Acts 15:22 Everyone agreed: apostles, leaders, all the people. They picked Judas (nicknamed Barsabbas) and Silas—they both carried considerable weight in the church—and sent them to Antioch with Paul and Barnabas with this letter (The Message Bible)
For one brief, shining moment, everyone agreed. They agreed that the non-Jewish people who came to believe in Jesus did not need to be circumcised (a big relief for first century adults!) but that they did need to respect their Jewish brothers and sisters by following some customs regarding sex and food that were important to traditional Jews back then. They wrote a letter to this effect but a letter wasn’t enough. They felt they needed to send people to verify and maybe expand upon the words of the letter. Written words are great. We have books and newspapers and webpages galore. We have the Bible to tell the story of God. But don’t we need to see it all come off the page into someone’s life? Don’t we need another human being to show us what the words look like in action? I think we do. Maybe you have such a person for you. Maybe you could be such a person for someone else.
Acts 14:11 When the crowd saw what Paul had done, they went wild, calling out in their Lyconian dialect, “The gods have come down! These men are gods!” (The Message Bible)
What Paul had done was be the vehicle for the healing of a man lame from birth. The folks who saw it concluded that Paul and his companion, Barnabas, must be divine and started spreading the word. The problem for Paul and Barnabas was that they didn’t know what the people were carrying on about because the people were speaking their own language, “Lyconian,” and not the Greek, Hebrew or Aramaic that Paul and Barnabas understood. The next thing they knew the people were preparing to sacrifice an animal to them and that was the last thing they wanted. How do you connect with others who don’t speak the same language? Do we understand the language God speaks? These people figured that God had come to them in Paul and Barnabas speaking a language of the power to heal. It seems reasonable that if God wants us to understand him, he will find a way to speak our language. That’s exactly what he did in Jesus and through the prophets and in the scriptures. Are we ready to listen?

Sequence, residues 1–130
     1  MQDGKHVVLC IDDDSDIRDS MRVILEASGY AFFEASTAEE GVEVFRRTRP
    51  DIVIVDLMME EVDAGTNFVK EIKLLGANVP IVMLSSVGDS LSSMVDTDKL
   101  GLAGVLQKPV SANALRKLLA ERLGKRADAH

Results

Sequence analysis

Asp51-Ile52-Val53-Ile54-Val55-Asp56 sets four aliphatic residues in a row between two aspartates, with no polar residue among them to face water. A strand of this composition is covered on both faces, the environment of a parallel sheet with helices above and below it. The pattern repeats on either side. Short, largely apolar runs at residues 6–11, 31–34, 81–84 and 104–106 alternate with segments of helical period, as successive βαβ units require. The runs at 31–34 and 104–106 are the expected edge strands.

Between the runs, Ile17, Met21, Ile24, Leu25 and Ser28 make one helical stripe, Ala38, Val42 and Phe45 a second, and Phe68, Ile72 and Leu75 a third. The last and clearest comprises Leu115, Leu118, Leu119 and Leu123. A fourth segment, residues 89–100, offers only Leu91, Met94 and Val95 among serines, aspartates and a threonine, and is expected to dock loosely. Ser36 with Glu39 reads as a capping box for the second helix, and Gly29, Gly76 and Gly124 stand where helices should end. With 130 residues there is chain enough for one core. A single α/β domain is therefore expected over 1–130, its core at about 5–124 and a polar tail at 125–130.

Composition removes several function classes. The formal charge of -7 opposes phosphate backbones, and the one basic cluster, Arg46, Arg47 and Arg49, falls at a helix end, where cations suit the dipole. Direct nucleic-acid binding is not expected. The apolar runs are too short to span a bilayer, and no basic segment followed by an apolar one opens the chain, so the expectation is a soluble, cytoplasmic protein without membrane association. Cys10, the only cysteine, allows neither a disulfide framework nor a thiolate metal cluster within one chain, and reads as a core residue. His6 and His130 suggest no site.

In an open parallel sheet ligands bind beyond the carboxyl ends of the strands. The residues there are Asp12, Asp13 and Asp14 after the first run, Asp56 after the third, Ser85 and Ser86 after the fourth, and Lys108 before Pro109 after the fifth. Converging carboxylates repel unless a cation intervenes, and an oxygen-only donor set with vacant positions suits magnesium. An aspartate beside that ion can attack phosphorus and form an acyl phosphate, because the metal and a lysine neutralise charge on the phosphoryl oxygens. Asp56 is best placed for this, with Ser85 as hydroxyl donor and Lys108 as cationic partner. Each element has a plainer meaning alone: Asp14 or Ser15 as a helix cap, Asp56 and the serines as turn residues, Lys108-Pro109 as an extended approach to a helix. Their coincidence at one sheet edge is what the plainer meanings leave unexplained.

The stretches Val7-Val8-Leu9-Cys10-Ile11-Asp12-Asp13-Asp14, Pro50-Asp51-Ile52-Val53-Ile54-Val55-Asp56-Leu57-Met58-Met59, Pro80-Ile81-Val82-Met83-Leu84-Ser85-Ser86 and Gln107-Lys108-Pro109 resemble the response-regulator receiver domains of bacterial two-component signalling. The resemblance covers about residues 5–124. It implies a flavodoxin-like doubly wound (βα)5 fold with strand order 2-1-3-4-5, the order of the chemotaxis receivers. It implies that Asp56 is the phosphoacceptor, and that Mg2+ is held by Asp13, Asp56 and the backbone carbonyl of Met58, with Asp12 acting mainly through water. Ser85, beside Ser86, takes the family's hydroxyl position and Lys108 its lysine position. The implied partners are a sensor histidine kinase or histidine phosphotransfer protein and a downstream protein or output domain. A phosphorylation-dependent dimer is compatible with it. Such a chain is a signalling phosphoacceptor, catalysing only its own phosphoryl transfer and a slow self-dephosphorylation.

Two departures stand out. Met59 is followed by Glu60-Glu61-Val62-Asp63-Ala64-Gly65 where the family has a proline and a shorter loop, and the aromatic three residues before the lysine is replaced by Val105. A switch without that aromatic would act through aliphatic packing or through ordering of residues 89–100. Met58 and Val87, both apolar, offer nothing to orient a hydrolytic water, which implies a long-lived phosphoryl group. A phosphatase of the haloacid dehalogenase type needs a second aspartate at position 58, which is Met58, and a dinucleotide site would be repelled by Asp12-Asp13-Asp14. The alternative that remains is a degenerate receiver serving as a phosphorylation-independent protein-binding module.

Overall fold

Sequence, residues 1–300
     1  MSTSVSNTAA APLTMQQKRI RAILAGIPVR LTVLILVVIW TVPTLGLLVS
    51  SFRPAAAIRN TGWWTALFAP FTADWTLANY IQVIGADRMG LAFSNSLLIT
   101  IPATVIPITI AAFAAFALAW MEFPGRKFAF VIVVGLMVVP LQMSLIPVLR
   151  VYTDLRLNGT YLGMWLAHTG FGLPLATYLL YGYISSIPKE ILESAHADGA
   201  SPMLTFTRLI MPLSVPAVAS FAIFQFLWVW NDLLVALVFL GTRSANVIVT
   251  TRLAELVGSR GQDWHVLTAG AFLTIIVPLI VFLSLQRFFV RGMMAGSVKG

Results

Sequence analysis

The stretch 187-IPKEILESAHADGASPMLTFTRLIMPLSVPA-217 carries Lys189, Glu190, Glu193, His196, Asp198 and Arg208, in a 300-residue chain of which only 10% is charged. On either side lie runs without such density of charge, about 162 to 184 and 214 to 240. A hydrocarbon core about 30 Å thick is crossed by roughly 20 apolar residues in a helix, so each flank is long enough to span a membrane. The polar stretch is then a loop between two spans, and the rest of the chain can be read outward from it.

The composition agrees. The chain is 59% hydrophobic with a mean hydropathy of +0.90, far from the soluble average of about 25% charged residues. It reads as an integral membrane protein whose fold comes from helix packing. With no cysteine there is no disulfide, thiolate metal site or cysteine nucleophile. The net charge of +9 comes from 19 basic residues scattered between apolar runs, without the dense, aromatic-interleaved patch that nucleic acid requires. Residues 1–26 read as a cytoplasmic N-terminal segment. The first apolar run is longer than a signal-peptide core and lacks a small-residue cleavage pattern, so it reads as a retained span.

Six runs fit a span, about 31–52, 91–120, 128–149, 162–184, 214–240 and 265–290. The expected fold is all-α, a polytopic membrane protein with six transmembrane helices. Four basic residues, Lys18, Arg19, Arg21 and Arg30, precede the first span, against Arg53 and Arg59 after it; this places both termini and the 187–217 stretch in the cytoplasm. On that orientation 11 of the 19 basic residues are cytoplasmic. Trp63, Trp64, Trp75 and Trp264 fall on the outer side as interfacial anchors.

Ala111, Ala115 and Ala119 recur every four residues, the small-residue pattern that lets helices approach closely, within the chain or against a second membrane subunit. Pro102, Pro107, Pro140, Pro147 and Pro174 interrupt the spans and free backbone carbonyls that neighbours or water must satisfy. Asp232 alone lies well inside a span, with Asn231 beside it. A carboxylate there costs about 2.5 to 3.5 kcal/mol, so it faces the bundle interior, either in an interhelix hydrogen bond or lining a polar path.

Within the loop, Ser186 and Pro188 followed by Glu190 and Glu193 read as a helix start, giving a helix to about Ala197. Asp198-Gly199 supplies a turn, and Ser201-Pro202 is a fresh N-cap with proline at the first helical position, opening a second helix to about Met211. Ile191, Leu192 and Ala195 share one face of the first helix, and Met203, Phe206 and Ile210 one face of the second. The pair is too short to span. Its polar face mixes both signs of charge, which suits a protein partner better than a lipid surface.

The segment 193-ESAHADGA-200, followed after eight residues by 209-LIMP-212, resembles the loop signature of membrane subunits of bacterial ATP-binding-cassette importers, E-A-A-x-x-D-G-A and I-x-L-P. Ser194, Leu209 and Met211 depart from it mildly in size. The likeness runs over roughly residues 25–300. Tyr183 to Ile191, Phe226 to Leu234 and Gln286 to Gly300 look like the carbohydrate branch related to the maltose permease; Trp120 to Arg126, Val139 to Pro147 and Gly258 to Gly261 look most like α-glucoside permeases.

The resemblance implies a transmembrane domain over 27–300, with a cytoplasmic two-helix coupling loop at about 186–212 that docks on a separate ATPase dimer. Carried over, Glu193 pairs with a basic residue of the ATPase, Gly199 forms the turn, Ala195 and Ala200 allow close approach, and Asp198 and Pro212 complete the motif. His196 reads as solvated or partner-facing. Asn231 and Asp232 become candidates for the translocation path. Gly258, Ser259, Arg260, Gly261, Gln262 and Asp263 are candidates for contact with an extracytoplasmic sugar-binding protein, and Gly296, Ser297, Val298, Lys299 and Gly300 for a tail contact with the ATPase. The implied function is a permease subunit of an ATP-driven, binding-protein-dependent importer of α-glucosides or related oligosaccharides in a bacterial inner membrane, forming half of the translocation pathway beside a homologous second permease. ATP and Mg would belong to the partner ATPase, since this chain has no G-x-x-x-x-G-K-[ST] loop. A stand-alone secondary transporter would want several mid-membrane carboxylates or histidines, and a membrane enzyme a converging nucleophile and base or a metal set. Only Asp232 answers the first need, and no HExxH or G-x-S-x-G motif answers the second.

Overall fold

Acts 13:2 “Take Barnabas and Saul and commission them for the work I have called them to do.” (The Message Bible)
At this point, Barnabas’ and Saul’s (Paul) calling would send them on a 500-mile journey mostly walking but a few short boat trips as well. They would have even more in store for their future. We often think of a calling as something extraordinary and for these two it certainly was. But whatever work God has you set apart to do is just as important even if it seems ordinary or commonplace. As part of the Reformation Martin Luther proposed “Every occupation has its own honor before God. Ordinary work is a divine vocation or calling. In our daily work no matter how important or mundane we serve God by serving the neighbor and we also participate in God’s on-going providence for the human race.” Paul wrote to the Colossians “whatever you do, whether in word or deed, do it all in the name of the Lord Jesus, giving thanks to God the Father through him.” (3:17). Forgiveness isn’t just about removing the bad, it is freeing us to move to the good that God made us to be. Did you ever consider what you are set apart for?